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MMD > Archives > November 2000 > 2000.11.06 > 08Prev  Next

"Wurlitzer Band Organ Pipe Scales" by Doyle Lane
By Matthew Caulfield

Among the equipment and artifacts which Doyle Lane acquired in 1975,
when he bought the remains of Ralph Tussing's T.R.T. Manufacturing
Company (which was the successor in 1946 to Wurlitzer's band organ
business) were the old Wurlitzer pipe scale boards.

Doyle transcribed the data and self-published it in 1981 in an 88-page
spiral-bound book titled "Wurlitzer Band Organ Pipe Scales."  I don't
know whether Doyle still has copies for sale or not.  His email address
and phone number are listed in the 2000-2001 MBSI directory.

Apparently the Wurlitzer pipemakers found it faster and more accurate
to pick off the various pipe dimensions from the scale boards using
dividers, rather than measure with rulers.  Doyle found prick marks in
the boards at the line intersections, showing the repeated use of
dividers to set the woodworking machines to the proper dimensions.

Doyle describes finding the scale boards in the dark, damp basement of
the T.R.T. shop, where some of the boards had fallen into the water on
the basement floor and partially rotted.  Nevertheless, his book
contains many essential pipe dimensions for the following Wurlitzer
band organ models: 103, 104, 125, 145-146, 148 & 150, 153, 157, 165,
180, and Caliola.

Reed pipe information is sketchy.  Because pipe lengths are not given
for most ranks, one needs to determine elsewhere, before beginning to
use the data in the pipe scale book as a guide to making pipes, what
octave a pipe rank should speak in.

It is on page 55 and page 65 where I noted proof of the conflict in
Wurlitzer nomenclature vs. Wurlitzer practice with regard to the four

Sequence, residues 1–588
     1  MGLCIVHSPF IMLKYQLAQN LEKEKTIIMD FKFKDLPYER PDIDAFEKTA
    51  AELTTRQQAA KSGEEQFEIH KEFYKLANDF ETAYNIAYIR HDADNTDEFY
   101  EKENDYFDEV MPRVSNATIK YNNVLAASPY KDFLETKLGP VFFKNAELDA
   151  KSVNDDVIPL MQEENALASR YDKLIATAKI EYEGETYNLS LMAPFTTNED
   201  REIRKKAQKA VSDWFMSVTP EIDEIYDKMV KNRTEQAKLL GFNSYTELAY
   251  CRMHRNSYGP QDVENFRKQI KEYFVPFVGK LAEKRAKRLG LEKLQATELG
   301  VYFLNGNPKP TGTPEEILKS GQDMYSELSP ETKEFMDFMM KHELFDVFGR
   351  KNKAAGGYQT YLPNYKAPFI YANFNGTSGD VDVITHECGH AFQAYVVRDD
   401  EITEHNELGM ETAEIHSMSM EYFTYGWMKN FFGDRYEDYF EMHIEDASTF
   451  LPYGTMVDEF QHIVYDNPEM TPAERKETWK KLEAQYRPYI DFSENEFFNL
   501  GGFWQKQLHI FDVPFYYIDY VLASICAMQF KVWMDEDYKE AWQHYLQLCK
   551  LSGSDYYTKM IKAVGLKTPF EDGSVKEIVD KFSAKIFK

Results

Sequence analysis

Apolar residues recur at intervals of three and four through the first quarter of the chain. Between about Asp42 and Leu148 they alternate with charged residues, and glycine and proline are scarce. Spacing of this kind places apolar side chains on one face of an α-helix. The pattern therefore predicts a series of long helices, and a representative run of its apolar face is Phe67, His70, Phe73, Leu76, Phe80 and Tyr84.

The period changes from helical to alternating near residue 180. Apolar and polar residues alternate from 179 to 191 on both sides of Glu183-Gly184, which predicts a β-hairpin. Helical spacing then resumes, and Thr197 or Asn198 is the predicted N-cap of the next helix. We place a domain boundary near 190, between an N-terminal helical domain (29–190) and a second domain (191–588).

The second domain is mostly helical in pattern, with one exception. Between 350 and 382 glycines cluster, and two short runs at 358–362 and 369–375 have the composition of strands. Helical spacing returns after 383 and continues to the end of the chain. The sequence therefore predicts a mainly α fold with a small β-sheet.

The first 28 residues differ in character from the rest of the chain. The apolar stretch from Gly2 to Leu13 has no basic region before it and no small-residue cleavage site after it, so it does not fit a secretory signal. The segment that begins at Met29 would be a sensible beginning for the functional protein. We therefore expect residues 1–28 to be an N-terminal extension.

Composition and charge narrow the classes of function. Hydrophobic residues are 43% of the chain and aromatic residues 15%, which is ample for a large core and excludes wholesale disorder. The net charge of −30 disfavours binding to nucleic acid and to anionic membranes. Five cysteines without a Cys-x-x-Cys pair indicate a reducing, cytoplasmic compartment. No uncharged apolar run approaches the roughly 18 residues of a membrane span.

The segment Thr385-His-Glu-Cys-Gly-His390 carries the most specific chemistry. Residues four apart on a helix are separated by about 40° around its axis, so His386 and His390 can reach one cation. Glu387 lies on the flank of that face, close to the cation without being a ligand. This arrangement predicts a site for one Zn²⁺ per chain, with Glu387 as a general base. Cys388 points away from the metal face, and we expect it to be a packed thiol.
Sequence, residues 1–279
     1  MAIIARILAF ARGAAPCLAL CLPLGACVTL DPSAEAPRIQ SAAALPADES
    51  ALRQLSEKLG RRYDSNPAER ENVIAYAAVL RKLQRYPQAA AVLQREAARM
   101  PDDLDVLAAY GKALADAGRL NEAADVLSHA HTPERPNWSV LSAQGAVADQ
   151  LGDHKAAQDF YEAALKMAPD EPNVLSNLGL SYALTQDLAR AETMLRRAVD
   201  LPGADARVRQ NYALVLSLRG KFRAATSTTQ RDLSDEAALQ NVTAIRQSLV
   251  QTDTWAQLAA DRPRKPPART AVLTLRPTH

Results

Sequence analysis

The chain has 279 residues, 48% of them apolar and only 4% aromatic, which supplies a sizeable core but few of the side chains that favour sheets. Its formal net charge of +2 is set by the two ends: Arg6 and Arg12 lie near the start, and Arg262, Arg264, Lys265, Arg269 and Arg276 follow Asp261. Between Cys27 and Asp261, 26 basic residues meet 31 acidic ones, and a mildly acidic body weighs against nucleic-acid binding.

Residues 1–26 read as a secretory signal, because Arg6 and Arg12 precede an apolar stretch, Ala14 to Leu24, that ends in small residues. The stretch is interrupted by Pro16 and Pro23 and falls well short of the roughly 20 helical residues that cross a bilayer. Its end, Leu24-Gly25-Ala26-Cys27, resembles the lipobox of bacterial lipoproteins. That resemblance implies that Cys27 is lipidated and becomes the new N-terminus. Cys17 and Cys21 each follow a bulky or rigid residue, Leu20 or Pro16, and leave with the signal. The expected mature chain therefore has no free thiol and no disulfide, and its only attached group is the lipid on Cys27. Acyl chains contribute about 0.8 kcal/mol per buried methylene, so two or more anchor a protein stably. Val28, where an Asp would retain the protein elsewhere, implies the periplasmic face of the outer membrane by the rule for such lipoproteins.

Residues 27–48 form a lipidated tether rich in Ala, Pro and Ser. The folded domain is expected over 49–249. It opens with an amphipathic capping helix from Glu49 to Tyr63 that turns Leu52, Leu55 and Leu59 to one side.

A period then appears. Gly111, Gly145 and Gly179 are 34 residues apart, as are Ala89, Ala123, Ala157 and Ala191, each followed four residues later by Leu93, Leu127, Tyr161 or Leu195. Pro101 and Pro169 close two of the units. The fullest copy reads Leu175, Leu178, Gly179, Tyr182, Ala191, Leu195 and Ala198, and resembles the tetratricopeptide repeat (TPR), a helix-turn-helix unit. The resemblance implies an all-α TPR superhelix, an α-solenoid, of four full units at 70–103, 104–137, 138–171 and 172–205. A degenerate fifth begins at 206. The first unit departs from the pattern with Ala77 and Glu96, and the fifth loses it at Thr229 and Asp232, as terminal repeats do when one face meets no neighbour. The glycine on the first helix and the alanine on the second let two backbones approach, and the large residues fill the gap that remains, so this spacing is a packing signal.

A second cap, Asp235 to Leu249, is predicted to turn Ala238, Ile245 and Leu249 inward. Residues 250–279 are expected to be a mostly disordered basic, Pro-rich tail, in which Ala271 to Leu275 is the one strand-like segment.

violin ranks in the 165 band organ.  The tracker scale for the 165
speaks of "loud violins" and "soft violins", leading one to suppose
that of the four violin ranks in the organ (actually two double ranks)
half would be loud violin (or as the terminology Doyle found on the
pipe boards has it "large scale violins") and half would be soft
violins ("melodie violins").  But every 165 I have seen have four
identical ranks.

On page 65 of Doyle's book, the style 165 specs call for 4 ranks of
melodie violins.  But on page 55 it says "[style 165] large scale
melodie violin [is] same as style 157 large scale melodie violin."
And on the page 52 for the style 157 melodie violin (large scale)
it specifies "two sets per organ."

So it appears that Wurlitzer changed its mind somewhere along the way
and made a design change in the 165 violin ranks (one of many Wurlitzer
design changes, as one who studies the details of its manufacturing
history finds out).

Doyle had for sale at one time -- and maybe still does -- a large
assortment of parts from the old days, such as pipe freins and gears.
In addition he owns some of the historically interesting molds and
equipment associated with the Wurlitzer/T.R.T. business.

Matthew Caulfield

(Message sent Mon 6 Nov 2000, 19:44:24 GMT, from time zone GMT-0500.)

Key Words in Subject:  Band, Doyle, Lane, Organ, Pipe, Scales, Wurlitzer

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